Successful real estate agents also do what is required to achieve their goals without a supervisor looking over their shoulders. Whether salesperson, branch manager or broker, top real estate professionals realize that enjoying one’s work does not necessarily mean that every task will be enjoyable. They consistently focus on objectives and call upon self-discipline to complete even the most mundane or difficult tasks in a consistent and ethical manner.
In addition to sharing successful personal qualities, effective real estate agents also implement the following five core strategies:
Performing their true role.
Obtaining and retaining clients.
Honing sales skills.
Acquiring property listings.
Real estate—like other sales-driven industries—is goal-oriented. To end up where you want to be, you must first know where you are going. It is impossible to set prospecting, listing, marketing, and sales objectives without clearly defined financial objectives.
This goal takes the form of a specific dollar amount you must earn each year to establish a comfortable budget. Once you have determined that figure, you will be ready to break down your annual financial goal into the daily, weekly, and monthly action steps required to achieve it.
Having an actual number in place does more than just outline your professional tasks and other objectives. It also helps relieve any financial concerns you may have about your new career. In addition, your financial goal will motivate you to keep going should you find yourself tempted to put off those important, but tedious, tasks that are so easy to ignore.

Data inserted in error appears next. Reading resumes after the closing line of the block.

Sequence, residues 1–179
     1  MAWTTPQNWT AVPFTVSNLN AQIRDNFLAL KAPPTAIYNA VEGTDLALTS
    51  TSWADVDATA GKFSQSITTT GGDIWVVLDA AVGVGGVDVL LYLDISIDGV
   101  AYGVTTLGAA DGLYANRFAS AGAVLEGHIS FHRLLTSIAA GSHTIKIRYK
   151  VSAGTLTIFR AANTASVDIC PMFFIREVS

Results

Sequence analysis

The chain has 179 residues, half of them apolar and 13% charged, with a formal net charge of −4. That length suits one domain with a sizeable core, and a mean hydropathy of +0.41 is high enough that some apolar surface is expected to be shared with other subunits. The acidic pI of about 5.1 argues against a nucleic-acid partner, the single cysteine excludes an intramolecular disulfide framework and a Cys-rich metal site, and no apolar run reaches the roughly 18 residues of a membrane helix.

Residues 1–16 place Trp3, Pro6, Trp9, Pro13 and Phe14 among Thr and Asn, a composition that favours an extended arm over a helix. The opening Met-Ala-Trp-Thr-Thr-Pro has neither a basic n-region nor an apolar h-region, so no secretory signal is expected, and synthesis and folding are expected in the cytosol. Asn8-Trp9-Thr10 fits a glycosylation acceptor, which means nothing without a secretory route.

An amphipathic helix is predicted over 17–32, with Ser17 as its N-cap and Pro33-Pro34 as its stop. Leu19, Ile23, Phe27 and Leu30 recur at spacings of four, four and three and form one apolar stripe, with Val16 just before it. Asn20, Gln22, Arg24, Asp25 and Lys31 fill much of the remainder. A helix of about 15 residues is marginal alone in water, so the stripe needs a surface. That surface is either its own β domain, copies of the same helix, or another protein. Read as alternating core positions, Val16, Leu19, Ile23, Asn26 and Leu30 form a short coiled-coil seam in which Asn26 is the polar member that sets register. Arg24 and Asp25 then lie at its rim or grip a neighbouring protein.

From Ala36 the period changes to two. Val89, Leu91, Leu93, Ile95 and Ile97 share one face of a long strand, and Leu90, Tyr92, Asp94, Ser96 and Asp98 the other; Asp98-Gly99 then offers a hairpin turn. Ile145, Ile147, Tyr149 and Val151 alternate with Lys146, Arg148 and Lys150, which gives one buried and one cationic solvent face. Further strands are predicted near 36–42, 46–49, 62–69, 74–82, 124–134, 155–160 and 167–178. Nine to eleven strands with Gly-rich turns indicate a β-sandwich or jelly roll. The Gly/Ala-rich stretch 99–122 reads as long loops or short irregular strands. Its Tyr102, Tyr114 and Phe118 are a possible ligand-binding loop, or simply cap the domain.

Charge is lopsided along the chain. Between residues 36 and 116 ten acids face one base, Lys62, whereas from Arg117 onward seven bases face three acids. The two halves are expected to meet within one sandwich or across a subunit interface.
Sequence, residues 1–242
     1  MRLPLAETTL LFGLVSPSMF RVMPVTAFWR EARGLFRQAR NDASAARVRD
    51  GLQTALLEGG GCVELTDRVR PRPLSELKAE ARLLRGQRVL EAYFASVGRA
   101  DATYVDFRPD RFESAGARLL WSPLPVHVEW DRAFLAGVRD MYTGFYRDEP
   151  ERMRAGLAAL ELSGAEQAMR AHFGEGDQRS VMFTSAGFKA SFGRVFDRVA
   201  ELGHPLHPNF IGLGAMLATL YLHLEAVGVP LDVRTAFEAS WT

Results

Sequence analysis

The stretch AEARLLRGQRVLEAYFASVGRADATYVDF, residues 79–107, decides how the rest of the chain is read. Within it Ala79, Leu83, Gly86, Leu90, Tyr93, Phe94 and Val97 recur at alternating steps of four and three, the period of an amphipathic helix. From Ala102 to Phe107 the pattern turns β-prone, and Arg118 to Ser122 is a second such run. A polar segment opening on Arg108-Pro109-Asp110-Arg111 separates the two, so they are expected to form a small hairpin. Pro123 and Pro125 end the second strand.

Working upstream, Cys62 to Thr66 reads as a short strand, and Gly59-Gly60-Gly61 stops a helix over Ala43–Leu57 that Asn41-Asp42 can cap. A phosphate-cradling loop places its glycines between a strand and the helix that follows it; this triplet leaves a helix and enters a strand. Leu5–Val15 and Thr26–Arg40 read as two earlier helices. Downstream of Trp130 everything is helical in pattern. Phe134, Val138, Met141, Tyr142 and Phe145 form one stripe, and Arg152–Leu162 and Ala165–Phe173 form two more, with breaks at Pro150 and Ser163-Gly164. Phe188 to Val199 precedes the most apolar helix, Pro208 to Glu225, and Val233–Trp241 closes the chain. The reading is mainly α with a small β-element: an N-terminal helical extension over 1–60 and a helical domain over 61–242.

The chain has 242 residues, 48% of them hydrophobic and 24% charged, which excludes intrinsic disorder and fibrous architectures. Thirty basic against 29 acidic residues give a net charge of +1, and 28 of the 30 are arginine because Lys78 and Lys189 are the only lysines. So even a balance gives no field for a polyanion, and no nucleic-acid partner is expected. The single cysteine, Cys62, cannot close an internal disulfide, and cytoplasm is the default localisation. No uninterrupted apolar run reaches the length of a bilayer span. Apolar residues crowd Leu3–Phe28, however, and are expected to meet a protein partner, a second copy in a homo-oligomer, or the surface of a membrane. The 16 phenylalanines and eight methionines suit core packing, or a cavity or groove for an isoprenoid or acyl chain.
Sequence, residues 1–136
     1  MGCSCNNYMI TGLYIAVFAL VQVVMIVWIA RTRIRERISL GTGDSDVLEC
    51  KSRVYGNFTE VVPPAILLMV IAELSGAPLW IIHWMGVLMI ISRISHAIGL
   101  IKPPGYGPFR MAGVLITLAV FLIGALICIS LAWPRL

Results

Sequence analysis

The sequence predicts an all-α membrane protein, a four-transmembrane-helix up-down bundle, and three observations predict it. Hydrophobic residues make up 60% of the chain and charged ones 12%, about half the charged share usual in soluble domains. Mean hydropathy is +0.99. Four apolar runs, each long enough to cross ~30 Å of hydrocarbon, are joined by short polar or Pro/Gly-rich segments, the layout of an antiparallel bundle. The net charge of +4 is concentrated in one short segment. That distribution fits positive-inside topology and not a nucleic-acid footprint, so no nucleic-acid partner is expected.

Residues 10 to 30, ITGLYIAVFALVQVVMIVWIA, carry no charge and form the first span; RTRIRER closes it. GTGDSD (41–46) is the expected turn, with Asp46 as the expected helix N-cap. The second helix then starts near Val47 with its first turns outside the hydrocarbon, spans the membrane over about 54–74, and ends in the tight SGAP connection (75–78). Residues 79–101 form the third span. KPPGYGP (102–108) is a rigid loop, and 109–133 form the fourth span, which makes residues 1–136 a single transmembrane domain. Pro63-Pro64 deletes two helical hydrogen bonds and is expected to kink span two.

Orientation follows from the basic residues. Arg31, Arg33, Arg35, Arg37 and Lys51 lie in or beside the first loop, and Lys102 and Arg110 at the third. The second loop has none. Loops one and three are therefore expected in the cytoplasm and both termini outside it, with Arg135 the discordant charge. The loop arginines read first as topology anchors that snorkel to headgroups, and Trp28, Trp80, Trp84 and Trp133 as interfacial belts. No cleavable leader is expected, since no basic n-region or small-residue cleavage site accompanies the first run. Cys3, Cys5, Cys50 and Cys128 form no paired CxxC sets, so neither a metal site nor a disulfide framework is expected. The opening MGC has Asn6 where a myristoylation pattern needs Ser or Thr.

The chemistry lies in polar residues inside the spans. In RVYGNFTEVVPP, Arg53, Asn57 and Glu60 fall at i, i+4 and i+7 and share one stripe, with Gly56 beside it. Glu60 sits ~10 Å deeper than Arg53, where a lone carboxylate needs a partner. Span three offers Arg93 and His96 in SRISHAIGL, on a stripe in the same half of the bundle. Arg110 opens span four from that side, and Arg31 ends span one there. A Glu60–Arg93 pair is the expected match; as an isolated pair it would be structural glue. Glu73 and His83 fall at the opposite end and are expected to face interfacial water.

The second strategy for success is acknowledging your true worth as a real estate agent. Recognizing your value allows you to fully embody your true professional role.
Before the real estate market was driven by the World Wide Web, real estate brokerages were the public’s primary source for even the most basic information on available properties. People did not have the option to discover the location, price, and features of their dream homes on the Internet, much less browse online photos or take preliminary virtual home tours.
Although real estate agents can still help the public in this manner, it is important not to get pigeon-holed either. You are not merely a consumer’s source for available homes, property tour guide, or transaction broker, despite what consumers, and even some real estate agents, believe. You offer invaluable services in terms of:
Real estate financial advice.
Problem solving and troubleshooting.
As you progress through your career, you might also obtain additional competencies such as real estate investing, mortgage brokerage, or property appraisal. Whenever your training gives you specialized skills, you deserve to be compensated accordingly.
Just as real estate is a goal-oriented field, it is consumer-driven as well. You need a constant stream of new customers and clients to survive in this industry, and you must seek out and acquire these while retaining your existing clients.
Your specialized skill set is the key to doing both:
Promote your services to obtain business.
Demonstrate your services to retain it.
Although you need to “sell” your valuable skills to obtain new customers and clients, it is important that you do not give away too much advice for free in a bid to impress and secure new business. Certain services such as pricing a seller’s property and offering staging advice simply must wait until you have a signed agreement with the consumer. Although buyer’s agreements and listing contracts are not ironclad guarantees you will be paid, they certainly increase your chances.
You can strike the right balance between promoting your skills and giving them away by determining the consumer’s interest level and ability to complete the transaction beforehand. This also ensures that you obtain quality contacts— instead of just quantity—with whom to do business.